When things aren’t right in a country, the people often blame the government and the government often blames the people. The same goes for waste management in Ghana, ranked high among the most unsanitary countries in Africa by the UN and the World Health Organization. However, as this project illustrates, there are two sides to the story.
On the one hand, corruption, poor management and red tape impede the government from providing adequate sanitation and waste disposal for many. The local government in Kumasi, for instance, does not provide latrines to many slum dwellers because they are “illegal residents.” While these residents wait for a solution to the red tape, they will continue to defecate in the open.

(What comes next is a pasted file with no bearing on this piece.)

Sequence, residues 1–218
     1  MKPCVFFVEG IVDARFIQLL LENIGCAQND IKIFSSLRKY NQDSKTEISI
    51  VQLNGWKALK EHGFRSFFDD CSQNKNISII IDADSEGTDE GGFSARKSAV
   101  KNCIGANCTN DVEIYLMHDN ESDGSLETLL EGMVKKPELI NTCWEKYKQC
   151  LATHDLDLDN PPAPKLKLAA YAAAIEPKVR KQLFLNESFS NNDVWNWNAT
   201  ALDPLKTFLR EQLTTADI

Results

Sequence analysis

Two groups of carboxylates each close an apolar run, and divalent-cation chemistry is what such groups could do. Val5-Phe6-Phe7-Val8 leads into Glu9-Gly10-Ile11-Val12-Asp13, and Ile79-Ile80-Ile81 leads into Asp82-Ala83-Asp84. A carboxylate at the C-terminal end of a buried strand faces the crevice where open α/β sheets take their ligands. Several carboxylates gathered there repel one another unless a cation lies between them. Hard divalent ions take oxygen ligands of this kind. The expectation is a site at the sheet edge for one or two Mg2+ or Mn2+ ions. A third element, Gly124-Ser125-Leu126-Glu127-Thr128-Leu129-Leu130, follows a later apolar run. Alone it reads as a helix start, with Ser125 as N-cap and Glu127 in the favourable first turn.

On the flipside, decades of public littering, open defecation and a resistance to change prevent many Ghanaians from benefiting from the initiatives that the government does carry out. For instance, when the government provides trash bins for people to throw their litter into, often they are stolen.
Here Diksha Bali examines trash disposal in Ghana – from the storm drains in crowded Aboabo to the government waste management offices –– as she looks for solutions to unsanitary conditions and poor management.